Other than screensize I can't see anything to gripe about really. The keyboard is surprisingly good - my main problem is that I'm used to a swiss/german QwertZ keyboard and my Chinese eee has a US QwertY keyboard - although the requirement to press FN for pgup pgdn home and end is slightly annoying. The video, wifi, ethernet and USB ports all work. There is a modem port that is blocked out - its going to remain that way for me because I can't imagine using a modem these days. The wifi and ethernet networking functions are easily enabled, configured etc. My major problem was in failing to spell my WPA key right - one of those trifling PEBKAC faults that can't be blamed on the product. One other minor gripe is that the File Manager option to auto reconnect network shares doesn't play well with wifi so that the stored first network share always fails because it is attempted before the wifi has got itself started. The only real irritation here is that it doesn't allow you to "retry" the mount attempt but just fails after telling you that the problem occured.
One of my expected uses for this will be to read ebooks. The eee is about the same size as a smallish hardback or thick trade paperback. I've tried reading some Baen HTML ebooks on the eee and they work out fine. I'm sure I could read them unframed to get a little more text per page but the framed version is perfectly adequate for me at present when firefox is put into full-screen mode. RTF ebooks and PDF ones are read by open office and adobe respectively. What is missing is support for other ebook formats - particularly MS Reader and Mobipocket. This is not the fault of Asus, it is the fault of Microsoft and Mobipocket, neither of whom produce a linux version of their reader. The eee does support some other ebook formats, but I don't have any books in those formats to test if its support is any good or not.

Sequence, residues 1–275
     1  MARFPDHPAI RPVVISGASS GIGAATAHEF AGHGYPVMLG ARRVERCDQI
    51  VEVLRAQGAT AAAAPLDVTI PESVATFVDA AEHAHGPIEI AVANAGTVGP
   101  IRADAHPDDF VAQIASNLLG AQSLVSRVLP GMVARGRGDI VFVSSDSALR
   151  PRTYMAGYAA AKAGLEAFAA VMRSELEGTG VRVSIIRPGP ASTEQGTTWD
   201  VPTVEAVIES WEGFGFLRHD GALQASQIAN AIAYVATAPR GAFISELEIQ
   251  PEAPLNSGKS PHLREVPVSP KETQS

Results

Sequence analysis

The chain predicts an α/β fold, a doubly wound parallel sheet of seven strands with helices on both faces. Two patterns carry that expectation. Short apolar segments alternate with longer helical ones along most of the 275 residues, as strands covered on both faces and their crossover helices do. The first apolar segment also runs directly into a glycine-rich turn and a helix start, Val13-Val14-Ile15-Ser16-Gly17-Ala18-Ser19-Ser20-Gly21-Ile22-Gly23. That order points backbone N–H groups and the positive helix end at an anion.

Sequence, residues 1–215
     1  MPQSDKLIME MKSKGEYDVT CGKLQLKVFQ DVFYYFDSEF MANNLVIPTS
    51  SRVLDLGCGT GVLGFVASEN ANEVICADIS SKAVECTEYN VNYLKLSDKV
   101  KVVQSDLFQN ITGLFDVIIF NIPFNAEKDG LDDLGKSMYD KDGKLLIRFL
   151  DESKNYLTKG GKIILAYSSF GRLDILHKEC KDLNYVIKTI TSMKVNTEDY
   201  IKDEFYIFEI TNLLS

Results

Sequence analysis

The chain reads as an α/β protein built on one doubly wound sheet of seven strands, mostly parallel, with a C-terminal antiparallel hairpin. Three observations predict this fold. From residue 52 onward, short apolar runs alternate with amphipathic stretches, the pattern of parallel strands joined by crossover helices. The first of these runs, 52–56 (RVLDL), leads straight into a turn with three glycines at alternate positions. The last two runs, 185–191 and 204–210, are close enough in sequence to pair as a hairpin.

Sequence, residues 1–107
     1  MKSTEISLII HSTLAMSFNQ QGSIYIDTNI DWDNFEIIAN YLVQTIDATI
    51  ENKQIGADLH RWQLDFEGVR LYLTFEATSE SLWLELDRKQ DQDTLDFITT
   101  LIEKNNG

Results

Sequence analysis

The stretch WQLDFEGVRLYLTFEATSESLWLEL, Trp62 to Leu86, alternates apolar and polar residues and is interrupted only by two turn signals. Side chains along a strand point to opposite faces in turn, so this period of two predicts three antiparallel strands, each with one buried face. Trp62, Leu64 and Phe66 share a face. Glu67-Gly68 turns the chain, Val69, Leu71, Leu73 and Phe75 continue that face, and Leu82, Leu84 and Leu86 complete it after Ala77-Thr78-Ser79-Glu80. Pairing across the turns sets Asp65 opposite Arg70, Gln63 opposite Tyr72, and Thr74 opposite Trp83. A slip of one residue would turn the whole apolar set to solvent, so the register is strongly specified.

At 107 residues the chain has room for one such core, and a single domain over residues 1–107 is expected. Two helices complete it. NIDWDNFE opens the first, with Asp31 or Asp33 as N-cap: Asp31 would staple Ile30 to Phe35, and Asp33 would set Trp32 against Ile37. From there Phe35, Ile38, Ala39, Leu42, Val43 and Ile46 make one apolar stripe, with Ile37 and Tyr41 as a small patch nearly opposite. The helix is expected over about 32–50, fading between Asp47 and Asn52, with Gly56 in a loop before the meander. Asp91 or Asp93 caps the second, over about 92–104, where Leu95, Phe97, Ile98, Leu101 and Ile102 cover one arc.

Without tweaks the eee plays most of the music I want apart from a few files I have in realplayer format (adding support for this to the eee is not something I expect to be difficult), and likewise seems to play movies and video clips just fine (again there may be codec issues I haven't discovered but fixes for these are pretty easy to find).
The only other thing that I may find to bitch about is the battery life. So far it seems like 3 hours is about as good as it gets, although I suspect that switching off wifi will add a bit to that. To be honest there aren't many times where I expect to need more than 3-4 hours of battery usage but I do find the reported existence of a higher capacity battery intriguing because I can certainly see a few cases (transcontinental flights) where being able to get 8 hours of usage would be good.
I'll be sure to post more positives and negatives as I find them, but so far this is very definitely a winning product, which no dount explains why it seems to be hard to get.